. It is a cliché, for the wife wronged, I know, but I followed him one morning when he left for work earlier than usual. If he was going to meet another woman before he started his day, I wanted to see for myself. He drove east, toward the coast, toward the myriad sleazy motels lined up along the esplanade. I felt as though I were an actress in a film I had seen a million times, and a bad one at that, because I couldn’t in my heart find the conviction to behave as a woman wronged and I still held out much optimism that my husband loved me and was faithful.
. I knew this route because we had driven it many times. When he turned right and into the marina carpark I pulled to the side of the road and got out. It took me a few minutes to wend my way through the different docks, counting my way so I wouldn’t get lost among the sloops and launches. When I had almost reached the Ivy he was not on deck but the hatch was open. I waited, hovering, not hiding but still making sure that it would be difficult to be seen. He emerged at a clip, his work clothes discarded, a rag in one hand and some polish in the other. He was whistling. It took me a moment to register what I was looking at, but in the end it was nothing more than a man in canvas shorts and boat shoes cleaning his yacht, polishing it until it shone like fresh spit. I stood there long after he was due at the office. There was no woman, just a man and the boat named for his mother.
Of course I should have read the signs: the way our life changed so swiftly; the hollowed out shell he became, then another change, something less tangible. I thought like an idiot that it must be another woman, but who else could give him what I could in that department? I was the perfect wife. It was just that a perfect wife, or a woman at all, was not what he needed.
. I had left him to his polishing and gone home. I couldn’t function that day – I just paced around the house, or tried to sit and read a magazine, but the pictures held no interest for me and I couldn’t concentrate on the words. Finally I heard his key in the lock and he found me, standing in the middle of the living room, a glass of scotch in my hand, which I gave him.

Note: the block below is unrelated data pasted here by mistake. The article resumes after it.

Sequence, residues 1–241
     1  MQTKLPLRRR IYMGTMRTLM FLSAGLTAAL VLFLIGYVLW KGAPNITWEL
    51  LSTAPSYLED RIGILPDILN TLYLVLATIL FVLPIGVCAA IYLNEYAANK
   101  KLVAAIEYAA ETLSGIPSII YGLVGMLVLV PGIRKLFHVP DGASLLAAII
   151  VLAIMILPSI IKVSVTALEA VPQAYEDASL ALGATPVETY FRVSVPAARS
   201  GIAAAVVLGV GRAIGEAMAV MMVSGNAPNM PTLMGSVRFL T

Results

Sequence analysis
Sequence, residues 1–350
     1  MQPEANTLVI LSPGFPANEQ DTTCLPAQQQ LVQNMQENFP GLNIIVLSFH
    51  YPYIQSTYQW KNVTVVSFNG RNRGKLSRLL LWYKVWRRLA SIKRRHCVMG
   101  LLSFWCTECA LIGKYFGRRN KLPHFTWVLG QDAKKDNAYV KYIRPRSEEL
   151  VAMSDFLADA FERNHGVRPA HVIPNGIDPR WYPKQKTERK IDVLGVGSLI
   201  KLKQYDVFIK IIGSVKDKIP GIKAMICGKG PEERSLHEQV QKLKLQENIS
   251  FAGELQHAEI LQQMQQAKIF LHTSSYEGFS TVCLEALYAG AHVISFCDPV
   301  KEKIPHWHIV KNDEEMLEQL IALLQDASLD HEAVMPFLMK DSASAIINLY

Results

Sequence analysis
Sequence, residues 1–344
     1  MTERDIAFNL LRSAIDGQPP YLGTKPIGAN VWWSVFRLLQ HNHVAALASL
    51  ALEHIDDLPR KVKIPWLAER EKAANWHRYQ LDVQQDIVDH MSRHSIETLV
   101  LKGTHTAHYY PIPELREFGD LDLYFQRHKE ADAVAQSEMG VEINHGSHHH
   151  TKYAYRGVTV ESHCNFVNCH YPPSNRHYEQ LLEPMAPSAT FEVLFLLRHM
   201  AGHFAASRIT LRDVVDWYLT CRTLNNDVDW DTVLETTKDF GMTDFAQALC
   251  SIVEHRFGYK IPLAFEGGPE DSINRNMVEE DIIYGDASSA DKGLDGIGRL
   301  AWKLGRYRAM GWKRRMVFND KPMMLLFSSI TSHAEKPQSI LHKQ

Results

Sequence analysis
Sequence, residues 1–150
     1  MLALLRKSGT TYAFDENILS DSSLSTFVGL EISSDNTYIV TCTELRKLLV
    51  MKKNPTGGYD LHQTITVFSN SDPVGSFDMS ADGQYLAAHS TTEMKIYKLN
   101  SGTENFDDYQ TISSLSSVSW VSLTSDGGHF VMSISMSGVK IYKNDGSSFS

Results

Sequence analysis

. “What is this?” he asked.
. “Please sit,” I said, and sat in the sofa opposite him. “I saw you. On the boat. You need to tell me what is happening.”
. He took a large swig of his scotch and turned the glass around in his hands, staring into the ice before he spoke.
. “Everything will be fine,” he said to me. When he looked up he was smiling, a sort of maniacal grin that I had never seen before. “I have a plan, love.” He put down the glass and stood. Then he spread his arms wide. “We’re going to see the world. The world! I’ve been getting Ivy ready. She’s all set to go. We’re going to sail to America! What do you think of that?”
. I just stared at him, wondering how I could have been so blind. His face was too tanned and weather-beaten for this time of year and his hands when he eventually stepped forward to grab my wrists were more calloused than a lawyer’s hands should be in spring. Then he shook me and I let him. The less I reacted, the more he shook, and I flopped around on that sofa like a blancmange. He shook me so hard I fell to the floor, where I lay, breathing hard. I didn’t want to ask him the question at the front of my mind. Just who did he mean by we? But I didn’t care to know.